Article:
Inadequate access to health insurance can be a barrier to personal wellness. Health insurance coverage increases an individual’s likelihood of receiving higher-quality medical care and is important for preventive care. Nonelderly (persons 65 years and younger) are much more likely to lack health insurance than the elderly because most adults (65 years and older) have insurance through Medicare. When a community has a large percentage of nonelderly residents without health insurance, costs to society are often high, at times taking the form of costly emergency room visits and lost worker productivity.  

According to data from 2018, the entire area served by United Way of Southeast Louisiana has a smaller percent of nonelderly populations without health insurance than the national average, besides Jefferson Parish. In this pre-COVID-19 pandemic data, Jefferson Parish had the highest rate of uninsured nonelderly at about 12 percent, followed by Plaquemines Parish at just over 10 percent. Similarly, just over 10 percent of nonelderly lack health insurance on average nationwide.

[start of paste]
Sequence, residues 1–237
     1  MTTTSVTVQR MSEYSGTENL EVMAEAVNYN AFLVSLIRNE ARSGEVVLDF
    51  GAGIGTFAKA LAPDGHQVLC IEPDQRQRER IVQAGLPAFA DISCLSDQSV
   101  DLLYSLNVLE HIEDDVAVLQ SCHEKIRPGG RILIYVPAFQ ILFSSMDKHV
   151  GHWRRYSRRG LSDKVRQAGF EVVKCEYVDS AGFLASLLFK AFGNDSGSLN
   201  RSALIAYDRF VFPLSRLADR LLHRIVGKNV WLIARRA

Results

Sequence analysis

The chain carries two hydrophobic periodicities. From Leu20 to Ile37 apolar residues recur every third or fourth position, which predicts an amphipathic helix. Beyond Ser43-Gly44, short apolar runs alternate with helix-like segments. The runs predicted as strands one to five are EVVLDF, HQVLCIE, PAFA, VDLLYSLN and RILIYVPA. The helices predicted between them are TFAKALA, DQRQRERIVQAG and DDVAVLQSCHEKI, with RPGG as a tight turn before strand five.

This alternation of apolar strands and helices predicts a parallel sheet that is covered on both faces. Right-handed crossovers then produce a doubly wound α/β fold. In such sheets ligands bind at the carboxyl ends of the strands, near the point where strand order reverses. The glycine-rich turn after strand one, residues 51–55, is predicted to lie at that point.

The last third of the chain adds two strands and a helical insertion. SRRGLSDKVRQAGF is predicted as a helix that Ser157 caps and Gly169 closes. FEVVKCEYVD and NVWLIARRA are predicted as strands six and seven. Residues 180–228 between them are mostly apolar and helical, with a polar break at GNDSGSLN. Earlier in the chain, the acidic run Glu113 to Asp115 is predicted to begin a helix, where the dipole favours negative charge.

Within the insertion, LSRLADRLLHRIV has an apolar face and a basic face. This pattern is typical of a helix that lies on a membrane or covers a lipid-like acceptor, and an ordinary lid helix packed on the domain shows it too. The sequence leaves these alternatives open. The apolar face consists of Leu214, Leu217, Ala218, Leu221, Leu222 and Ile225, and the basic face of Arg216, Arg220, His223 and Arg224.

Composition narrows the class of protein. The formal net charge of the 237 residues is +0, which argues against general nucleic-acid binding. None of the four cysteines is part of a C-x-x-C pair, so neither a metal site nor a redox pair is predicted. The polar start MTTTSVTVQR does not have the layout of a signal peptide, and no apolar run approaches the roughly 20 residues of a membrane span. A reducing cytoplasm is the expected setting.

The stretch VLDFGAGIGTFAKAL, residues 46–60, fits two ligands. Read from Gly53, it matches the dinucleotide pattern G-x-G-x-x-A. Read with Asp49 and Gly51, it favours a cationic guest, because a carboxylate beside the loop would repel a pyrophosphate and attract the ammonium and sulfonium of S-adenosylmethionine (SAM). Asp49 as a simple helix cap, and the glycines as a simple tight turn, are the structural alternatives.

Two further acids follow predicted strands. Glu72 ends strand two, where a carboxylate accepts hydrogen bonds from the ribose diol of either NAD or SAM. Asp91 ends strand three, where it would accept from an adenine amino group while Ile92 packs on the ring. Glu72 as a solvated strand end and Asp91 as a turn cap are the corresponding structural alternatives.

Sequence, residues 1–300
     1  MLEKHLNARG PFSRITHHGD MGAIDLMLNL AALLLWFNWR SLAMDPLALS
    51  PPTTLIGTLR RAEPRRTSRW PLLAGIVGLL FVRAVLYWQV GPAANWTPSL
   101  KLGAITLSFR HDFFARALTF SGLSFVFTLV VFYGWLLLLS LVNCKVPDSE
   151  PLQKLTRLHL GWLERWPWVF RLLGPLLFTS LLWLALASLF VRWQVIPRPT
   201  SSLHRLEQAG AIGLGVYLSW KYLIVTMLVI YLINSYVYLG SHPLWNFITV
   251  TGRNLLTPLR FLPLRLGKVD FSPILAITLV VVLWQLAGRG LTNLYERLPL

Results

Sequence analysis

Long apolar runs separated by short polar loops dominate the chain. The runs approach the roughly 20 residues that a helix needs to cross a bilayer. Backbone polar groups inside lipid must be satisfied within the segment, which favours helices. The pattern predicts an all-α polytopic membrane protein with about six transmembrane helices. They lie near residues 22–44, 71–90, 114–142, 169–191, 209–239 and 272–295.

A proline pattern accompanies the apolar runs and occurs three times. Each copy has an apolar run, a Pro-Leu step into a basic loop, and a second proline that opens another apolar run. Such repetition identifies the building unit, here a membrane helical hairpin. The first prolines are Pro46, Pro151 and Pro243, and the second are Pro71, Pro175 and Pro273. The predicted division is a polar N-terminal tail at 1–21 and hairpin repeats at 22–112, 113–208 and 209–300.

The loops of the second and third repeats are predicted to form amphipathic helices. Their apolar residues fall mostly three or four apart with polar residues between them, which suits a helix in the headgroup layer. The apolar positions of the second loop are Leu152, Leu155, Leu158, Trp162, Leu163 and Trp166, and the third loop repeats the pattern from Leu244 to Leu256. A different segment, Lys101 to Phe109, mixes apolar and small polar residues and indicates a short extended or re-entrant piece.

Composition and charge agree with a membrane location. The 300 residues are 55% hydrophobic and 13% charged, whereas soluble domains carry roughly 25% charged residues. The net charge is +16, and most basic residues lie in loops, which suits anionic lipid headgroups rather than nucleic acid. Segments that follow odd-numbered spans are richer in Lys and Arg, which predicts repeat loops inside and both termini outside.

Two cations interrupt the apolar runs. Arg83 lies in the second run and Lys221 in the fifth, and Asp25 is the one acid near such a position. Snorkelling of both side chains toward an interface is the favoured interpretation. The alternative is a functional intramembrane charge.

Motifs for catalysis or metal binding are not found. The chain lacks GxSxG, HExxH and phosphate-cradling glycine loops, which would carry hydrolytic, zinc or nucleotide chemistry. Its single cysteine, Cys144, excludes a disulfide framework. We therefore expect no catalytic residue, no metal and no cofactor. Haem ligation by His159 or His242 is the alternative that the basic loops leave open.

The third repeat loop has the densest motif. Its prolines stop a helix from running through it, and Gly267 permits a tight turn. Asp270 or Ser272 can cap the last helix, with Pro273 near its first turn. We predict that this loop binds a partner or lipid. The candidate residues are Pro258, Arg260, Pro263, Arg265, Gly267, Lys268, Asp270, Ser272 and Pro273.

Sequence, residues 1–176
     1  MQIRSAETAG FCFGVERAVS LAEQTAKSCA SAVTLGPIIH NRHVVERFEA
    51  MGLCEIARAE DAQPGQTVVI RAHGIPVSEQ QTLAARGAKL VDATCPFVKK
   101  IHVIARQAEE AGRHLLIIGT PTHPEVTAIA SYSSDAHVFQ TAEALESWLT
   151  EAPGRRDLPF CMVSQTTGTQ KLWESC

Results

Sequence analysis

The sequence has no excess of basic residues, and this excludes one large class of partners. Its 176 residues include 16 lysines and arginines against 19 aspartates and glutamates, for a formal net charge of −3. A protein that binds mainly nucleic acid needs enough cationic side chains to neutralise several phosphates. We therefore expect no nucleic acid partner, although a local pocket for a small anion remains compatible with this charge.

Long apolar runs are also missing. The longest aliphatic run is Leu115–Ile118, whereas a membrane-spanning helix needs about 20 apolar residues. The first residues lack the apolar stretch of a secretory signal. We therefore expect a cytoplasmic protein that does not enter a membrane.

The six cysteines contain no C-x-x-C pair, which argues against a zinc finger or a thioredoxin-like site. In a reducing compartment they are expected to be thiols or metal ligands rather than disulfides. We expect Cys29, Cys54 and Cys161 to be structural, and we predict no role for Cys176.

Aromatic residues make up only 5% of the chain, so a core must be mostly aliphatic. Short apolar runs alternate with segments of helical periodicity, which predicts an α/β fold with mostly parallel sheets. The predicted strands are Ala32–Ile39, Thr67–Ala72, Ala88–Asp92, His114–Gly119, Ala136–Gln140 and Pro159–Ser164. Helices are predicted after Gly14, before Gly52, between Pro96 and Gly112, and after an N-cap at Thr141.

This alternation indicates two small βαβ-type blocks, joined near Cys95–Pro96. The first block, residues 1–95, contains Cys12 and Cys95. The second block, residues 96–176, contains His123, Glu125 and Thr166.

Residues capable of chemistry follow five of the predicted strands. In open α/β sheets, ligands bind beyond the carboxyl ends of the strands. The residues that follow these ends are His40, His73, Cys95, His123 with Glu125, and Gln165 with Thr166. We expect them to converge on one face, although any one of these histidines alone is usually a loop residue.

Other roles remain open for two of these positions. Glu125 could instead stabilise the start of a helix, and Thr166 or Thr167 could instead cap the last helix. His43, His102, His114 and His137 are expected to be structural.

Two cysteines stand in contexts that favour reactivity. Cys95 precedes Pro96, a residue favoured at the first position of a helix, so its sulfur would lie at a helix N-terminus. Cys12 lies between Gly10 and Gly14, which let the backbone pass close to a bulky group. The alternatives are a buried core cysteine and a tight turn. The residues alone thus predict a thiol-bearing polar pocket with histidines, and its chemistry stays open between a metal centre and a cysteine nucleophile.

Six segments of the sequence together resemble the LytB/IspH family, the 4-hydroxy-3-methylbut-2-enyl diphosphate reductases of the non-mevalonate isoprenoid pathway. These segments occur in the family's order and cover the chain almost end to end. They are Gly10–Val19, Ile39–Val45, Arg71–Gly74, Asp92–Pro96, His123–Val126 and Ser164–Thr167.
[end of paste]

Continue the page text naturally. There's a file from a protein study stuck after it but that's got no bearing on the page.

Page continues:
Not surprisingly, individuals with lower incomes are less likely to have health insurance than those with higher incomes. Louisiana expanded Medicaid eligibility.[i] July 1, 2016, and now individuals earning less than 138 percent of the poverty level may be eligible for Medicaid. Nationwide, about 17 percent of those at 138 percent or less of the poverty level are uninsured. As of 2018, all parishes but one have greater insurance coverage rates among low-income nonelderly than the national average.